Ohio has cancelled their primary today. But voting will go on in Arizona, Illinois and Florida.
As for the ACA, it's the law of the land today, that's fine. But if one studies all the reasons to include all the polls taken at the time of passage and from the 2010 midterms, one can draw only one conclusion. The majority of people weren't ready for upsetting the apple cart, to be thrust out of their comfort zone. Not ready for a complete overhaul of their healthcare system. They were more than willing to do something for the uninsured, but not to have what they were happy or satisfied with healthcare wise put in jeopardy. You can blame this all on the Republicans, perhaps they had a better propaganda machine than the Democrats propaganda machine. Who knows?
Fact is over 90% of Democrats were for the ACA and 90% of Republicans against the ACA and over 90% of each party membership or base voted for their congressional candidates in 2010. Independents, the non-affiliated and far less partisan, the ones each party must convince that their propaganda is right, were averaging the polls in November 2009 when the senate passed it and in March of 2010 when the house passed it came out to independents being against the ACA 54-39%. They weren't ready for it, you could say the Democrats failed in their job to convince them that the ACA would be for the greater good. The Democrats lost the propaganda war.
In November 2010 independents voted for the Republican congressional candidates by a 56-37 margin resulting in a 63 seat pickup for the GOP. In 2006 independents had voted for the Democratic congressional candidates 57-39 and in 2008, once against voted Democratic 52-45.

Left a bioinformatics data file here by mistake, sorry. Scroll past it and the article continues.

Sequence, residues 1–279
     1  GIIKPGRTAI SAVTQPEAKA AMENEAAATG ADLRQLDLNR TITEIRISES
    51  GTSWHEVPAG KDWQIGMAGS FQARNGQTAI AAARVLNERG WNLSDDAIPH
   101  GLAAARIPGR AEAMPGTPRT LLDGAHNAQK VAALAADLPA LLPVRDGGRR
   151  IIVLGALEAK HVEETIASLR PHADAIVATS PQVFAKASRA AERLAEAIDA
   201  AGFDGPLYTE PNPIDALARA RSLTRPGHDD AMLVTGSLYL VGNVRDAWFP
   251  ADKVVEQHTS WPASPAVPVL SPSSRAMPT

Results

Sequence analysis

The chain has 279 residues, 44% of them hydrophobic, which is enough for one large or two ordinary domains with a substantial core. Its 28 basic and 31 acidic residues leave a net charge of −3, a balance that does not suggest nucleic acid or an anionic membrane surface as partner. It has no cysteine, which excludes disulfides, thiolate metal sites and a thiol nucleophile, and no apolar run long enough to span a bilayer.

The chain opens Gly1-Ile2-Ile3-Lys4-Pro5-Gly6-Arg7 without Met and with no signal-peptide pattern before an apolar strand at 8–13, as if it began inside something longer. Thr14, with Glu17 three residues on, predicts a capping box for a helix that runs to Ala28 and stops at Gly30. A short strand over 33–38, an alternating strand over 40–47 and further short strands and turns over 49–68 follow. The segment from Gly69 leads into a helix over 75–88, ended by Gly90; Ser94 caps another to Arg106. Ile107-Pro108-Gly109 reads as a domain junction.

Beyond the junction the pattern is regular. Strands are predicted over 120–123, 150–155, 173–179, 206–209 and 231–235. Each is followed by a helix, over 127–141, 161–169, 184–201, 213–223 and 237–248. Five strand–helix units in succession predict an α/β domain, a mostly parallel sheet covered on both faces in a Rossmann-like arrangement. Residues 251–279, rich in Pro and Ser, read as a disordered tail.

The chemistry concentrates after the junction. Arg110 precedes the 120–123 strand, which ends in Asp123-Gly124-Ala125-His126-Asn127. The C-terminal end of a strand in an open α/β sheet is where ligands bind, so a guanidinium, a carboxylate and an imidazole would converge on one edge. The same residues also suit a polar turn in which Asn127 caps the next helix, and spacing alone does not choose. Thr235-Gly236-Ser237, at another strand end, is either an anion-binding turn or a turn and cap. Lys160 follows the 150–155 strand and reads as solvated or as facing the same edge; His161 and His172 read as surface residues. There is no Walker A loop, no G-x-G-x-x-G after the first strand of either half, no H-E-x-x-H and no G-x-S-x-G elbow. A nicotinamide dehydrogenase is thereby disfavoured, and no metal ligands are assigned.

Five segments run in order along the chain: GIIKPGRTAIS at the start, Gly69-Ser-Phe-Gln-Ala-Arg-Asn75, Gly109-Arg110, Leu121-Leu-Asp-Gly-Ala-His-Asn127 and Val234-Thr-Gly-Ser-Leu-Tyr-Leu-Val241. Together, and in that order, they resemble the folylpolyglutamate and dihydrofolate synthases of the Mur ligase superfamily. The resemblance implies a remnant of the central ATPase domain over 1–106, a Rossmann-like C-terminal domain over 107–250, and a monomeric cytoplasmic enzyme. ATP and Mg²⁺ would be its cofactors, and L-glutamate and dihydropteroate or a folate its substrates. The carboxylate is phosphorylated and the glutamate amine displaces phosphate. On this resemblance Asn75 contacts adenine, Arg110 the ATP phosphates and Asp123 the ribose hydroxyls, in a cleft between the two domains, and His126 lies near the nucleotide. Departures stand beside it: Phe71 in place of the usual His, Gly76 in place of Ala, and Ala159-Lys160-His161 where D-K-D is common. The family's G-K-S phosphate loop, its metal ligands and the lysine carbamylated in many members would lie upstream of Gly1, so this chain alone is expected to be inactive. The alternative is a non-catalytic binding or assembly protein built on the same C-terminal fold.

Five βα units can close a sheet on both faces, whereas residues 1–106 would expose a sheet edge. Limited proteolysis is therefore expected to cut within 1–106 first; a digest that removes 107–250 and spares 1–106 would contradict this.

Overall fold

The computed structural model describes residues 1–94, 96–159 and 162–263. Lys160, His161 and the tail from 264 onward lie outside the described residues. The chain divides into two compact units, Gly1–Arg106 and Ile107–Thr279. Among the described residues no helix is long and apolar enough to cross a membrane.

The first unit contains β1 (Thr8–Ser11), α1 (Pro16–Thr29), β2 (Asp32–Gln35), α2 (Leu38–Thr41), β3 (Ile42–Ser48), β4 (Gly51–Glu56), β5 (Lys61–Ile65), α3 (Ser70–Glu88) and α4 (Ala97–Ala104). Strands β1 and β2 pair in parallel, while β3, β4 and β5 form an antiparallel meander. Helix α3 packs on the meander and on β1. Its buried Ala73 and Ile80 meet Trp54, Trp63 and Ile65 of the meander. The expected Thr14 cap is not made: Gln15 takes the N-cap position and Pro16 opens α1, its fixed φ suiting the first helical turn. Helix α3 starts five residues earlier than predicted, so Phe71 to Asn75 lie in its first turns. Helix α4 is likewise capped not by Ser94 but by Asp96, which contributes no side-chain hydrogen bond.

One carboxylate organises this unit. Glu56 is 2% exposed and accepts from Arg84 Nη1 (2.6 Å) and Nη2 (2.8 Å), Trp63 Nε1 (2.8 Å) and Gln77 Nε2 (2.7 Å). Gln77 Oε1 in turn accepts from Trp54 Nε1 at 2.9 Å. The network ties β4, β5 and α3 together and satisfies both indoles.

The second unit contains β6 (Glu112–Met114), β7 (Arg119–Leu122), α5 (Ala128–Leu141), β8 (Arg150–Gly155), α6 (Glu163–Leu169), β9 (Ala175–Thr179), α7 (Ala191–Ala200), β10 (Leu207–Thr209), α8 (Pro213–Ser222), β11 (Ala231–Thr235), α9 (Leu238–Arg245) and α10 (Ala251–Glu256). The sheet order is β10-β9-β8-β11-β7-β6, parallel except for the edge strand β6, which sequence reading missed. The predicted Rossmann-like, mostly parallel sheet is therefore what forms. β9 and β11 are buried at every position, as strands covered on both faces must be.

I study independents, the more or less non-partisans, the non-affiliated, the swing voters if you will. They'll side with the party in power, in this case the party that hold the house until that party does something to make them angry. Then they rebel big time. 2018, 2010, 2006 and 1994 are prime examples of this. As long as things are going smoothly, as long as their boat isn't rocked too much as to fling them in the water, they will stick to the party in power. Throw them into the water, vengeance is mine saith the independent/swing voter.
When a major piece of legislation or one controversial comes up, the party in power needs to ask themselves is this worth it? We can pass this piece of legislation, but that means we're one and done if it angers independents. Or shall we put this controversial piece of legislation on hold until we get more backing from independents, swing voters and proceed to other items in our agenda less controversial, less disrupting, that won't take Americans out of their comfort zone and change the balance of power. For the Democrats, they chose one and done in 2010 followed by six years of basically nothing. Just fighting to retain the ACA and accomplishing nothing else. Their decision and I respect that. I'd done thing differently, but I'm not a democrat. I'm just one of those swing voters. Do something that makes me angry, I'll darn sure vote against you and all of your candidates I can.
Edited by perotista (03/17/2001:11 PM)
It's high past time that we start electing Americans to congress and the presidency who put America first instead of their political party. For way too long we have been electing Republicans and Democrats who happen to be Americans instead of Americans who happen to be Republicans and Democrats.